Carbon Biosciences, a Longwood Fund founded biotech company developing parvovirus-derived gene therapies, has launched with $38 million of financing led by Agent Capital.
Agent is joined by Longwood Fund, Astellas Venture Management LLC, the Cystic Fibrosis Foundation, Solasta Ventures, University of Tokyo Innovation Platform (UTokyoIPC), and Camford Capital.
Massachusetts-based Carbon is harnessing novel parvovirus vectors that can deliver larger gene therapy payloads with enhanced tissue specificity and with minimal neutralizing immunity and the potential to re-dose.
The company plans to use the series A funding to advance the development of its programs for genetic diseases, initially building on the research of scientific co-founders John F. Engelhardt, director, Center for Gene Therapy at the University of Iowa, and Robert M. Kotin, Professor of Microbiology and Physiological Systems at the University of Massachusetts Chan Medical School.
Cystic Fibrosis Foundation agreement
“Carbon’s platform has the potential to expand the role of gene therapy in treating some of the world’s most devastating and difficult to treat diseases,” said Joel Schneider, president and CEO of Carbon Biosciences.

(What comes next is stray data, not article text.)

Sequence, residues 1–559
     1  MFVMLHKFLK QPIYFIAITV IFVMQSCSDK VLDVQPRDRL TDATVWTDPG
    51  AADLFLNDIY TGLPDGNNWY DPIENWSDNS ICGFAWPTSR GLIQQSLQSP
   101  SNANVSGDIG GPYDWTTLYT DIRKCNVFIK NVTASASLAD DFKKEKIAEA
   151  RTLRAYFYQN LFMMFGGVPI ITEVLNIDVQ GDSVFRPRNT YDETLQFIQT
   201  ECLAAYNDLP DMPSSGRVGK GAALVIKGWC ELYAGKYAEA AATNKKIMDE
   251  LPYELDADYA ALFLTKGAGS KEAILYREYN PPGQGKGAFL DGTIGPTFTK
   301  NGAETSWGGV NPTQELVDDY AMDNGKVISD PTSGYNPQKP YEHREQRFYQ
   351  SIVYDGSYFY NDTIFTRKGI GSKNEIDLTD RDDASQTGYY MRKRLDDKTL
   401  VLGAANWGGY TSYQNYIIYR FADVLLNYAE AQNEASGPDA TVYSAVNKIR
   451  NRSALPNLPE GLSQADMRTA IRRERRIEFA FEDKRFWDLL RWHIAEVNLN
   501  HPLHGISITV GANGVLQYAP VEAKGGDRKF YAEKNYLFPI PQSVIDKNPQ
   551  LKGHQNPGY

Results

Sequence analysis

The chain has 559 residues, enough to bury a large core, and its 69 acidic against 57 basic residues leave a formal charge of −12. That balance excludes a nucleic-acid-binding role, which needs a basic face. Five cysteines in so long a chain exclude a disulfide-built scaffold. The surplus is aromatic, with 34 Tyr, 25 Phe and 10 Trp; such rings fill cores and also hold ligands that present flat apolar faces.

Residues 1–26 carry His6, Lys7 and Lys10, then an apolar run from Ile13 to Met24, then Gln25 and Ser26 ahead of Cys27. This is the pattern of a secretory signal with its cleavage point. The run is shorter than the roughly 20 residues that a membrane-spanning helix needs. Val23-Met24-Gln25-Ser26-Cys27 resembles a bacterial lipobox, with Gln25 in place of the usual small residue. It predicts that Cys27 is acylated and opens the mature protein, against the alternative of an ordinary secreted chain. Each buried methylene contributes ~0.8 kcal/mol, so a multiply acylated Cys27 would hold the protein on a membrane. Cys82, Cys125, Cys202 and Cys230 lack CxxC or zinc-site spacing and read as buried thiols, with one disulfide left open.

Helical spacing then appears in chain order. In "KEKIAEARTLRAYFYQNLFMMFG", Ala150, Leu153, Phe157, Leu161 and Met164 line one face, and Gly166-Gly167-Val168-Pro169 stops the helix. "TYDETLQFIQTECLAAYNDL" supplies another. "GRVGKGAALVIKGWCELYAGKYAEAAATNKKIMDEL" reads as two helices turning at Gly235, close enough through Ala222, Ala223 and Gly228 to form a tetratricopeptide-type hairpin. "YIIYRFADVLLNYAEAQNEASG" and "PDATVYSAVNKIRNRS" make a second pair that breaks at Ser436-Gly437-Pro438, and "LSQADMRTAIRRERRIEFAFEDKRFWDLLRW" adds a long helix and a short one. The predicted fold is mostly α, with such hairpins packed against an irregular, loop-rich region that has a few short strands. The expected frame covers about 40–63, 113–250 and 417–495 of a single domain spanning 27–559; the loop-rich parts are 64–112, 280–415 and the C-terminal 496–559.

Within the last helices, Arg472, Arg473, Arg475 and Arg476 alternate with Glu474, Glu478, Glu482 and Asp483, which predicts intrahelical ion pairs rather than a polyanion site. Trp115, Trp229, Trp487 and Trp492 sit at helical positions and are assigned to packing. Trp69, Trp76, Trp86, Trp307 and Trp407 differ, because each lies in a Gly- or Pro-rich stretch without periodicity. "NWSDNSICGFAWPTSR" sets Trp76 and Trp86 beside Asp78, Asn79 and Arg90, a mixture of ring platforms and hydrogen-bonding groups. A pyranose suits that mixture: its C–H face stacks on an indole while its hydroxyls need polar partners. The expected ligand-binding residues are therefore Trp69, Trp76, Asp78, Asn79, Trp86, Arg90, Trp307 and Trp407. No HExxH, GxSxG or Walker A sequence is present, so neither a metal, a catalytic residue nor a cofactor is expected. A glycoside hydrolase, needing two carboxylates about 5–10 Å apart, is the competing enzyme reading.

“Our vision is to enable a new generation of genetic medicines with differentiated vectors that have the potential to address the immunological, targeting and payload limitations inherent in current viral and non-viral delivery technologies.
“As the first jointly funded program launched under a collaborative agreement between the Cystic Fibrosis Foundation and Longwood Fund, we are motivated by the potential impact our research may have in significantly improving care for cystic fibrosis patients.”
“Identifying vectors that can effectively deliver therapeutics to target tissues, such as the lung, has been a major challenge in realizing the full potential of gene therapy,” said Geeta Vemuri, managing partner and founder of Agent Capital.
“We believe that Carbon’s proprietary platform can address this challenge by leveraging novel vectors from the broader parvovirus family to deliver optimal payloads to specific tissues. Carbon’s technology will enable a diversified pipeline with potential applications across the wide range of tissues impacted in many unaddressed diseases.”
“Carbon’s novel platform addresses key challenges with AAV and non-viral based therapies. Our lead program is the first gene therapy program demonstrating tissue tropism to the lung with the capacity to deliver the full length CFTR gene and an appropriate promotor,” Engelhardt said.
“Preliminary pre-clinical data as well as studies on human populations suggest wide applicability of our lead clinical candidate and the potential to re-dose patients.”